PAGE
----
5. Sovereign ratings: The creditworthiness of a nation depends on several factors including the current deficit/debt levels, their rate of expansion, and the ability to cover obligations coming due at various maturities. In theory, the “impact” of an LBO can be in part inferred from looking at how the sovereign rating of a country changes after its installation. If the post-LBO sovereign rating is higher, it could insinuate a positive influence on the fiscal position due to the LBO. In reality, this becomes problematic because of false inferences since many countries have instituted LBOs at times when sovereign ratings are in a state of downgrade, or with sovereign ratings unchanged, thereby implying that the LBO had no impact, or worse, a negative impact on the sovereign rating.

6. Cross-country comparisons: To create cross-country comparisons between LBOs would seem like an excellent manner of gauging their effectiveness, but in practice this is impossible due to the immense heterogeneity of LBOs, which diverge so much in size, mandate, scope, purpose, financial resources, staffing, access to information, legal recourse, leadership style, and budgeting culture. Consider this comparison: the CBO of the United States, which has the second largest number of economists of any federal agency, second only to the Federal Reserve. By contrast, the LBOs of some developing countries constitute only a few junior budget officers with limited resources and ramshackle work conditions. Countries such as Canada, Australia, and EU member states fall somewhere in between the two extremes.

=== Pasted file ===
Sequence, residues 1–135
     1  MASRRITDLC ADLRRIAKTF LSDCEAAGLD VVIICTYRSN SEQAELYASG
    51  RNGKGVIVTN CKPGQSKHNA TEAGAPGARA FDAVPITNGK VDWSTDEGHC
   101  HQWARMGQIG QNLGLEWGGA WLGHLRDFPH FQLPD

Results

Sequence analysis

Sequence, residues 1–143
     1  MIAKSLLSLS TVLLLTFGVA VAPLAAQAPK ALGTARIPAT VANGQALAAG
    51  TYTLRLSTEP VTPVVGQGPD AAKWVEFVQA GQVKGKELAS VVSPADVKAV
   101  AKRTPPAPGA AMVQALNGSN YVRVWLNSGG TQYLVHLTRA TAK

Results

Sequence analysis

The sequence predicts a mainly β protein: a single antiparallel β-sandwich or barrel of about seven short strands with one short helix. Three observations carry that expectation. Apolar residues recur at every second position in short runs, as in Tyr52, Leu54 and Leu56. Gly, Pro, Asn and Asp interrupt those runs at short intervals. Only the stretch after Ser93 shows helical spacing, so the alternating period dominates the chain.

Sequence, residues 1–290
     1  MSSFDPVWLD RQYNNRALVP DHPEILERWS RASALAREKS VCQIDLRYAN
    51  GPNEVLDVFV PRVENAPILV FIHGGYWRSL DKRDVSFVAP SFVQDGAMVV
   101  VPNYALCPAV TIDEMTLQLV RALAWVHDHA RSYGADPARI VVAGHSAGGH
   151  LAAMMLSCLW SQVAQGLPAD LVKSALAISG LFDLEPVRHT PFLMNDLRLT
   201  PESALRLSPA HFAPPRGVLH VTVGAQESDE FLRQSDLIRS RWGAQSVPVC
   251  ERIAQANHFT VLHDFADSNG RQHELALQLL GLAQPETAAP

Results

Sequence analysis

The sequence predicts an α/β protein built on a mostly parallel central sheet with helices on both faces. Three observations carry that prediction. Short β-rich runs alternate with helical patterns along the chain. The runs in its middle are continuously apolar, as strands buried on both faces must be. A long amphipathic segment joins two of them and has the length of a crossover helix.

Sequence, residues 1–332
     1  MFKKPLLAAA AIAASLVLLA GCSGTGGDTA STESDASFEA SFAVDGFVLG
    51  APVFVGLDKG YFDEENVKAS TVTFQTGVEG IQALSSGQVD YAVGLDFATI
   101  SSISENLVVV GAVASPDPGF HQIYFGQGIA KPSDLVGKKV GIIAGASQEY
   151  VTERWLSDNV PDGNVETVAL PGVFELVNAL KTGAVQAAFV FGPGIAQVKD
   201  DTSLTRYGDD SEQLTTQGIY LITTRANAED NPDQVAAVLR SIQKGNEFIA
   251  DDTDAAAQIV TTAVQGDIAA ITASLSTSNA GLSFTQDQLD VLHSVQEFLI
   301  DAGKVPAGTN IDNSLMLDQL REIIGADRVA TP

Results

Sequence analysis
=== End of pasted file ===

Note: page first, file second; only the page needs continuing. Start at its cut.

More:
These approaches and their limitations are summarized here:

Approach Tool Objective Limitation(s)
Counterfactuals Fiscal metrics* To measure the specific impacts of the LBOs Counterfactual is unmeasurable
Enhanced transparency Open Budget Index (e.g.) To measure improvements in budget process Recognizes LBOs, but does not assess their success
Public and media Survey instrument Responses to the work of the LBO Insufficient information; complexity; perceptual
Opposition party Survey instrument Responses to the work of the LBO Perceptual; susceptible to politically-motivated feedback
Sovereign ratings Change in rating To measure LBO impact on credit worthiness False inferences: either downgrades occur or rating unchanged
Cross-country comparisons Fiscal metrics* To measure LBO impact between countries Excessive country contrasts limit value

*Fiscal Metrics refer to the fiscal position, budget balance, the size and growth of the deficit, and so forth

As result, none of the aforementioned approaches is comprehensive and each suffers from substantial limitations. Yet LBOs are becoming ever more important in the budget process, and it is generally agreed that they provide some form of good. Further research and creative approaches are thus necessary for us to really measure success of LBOs.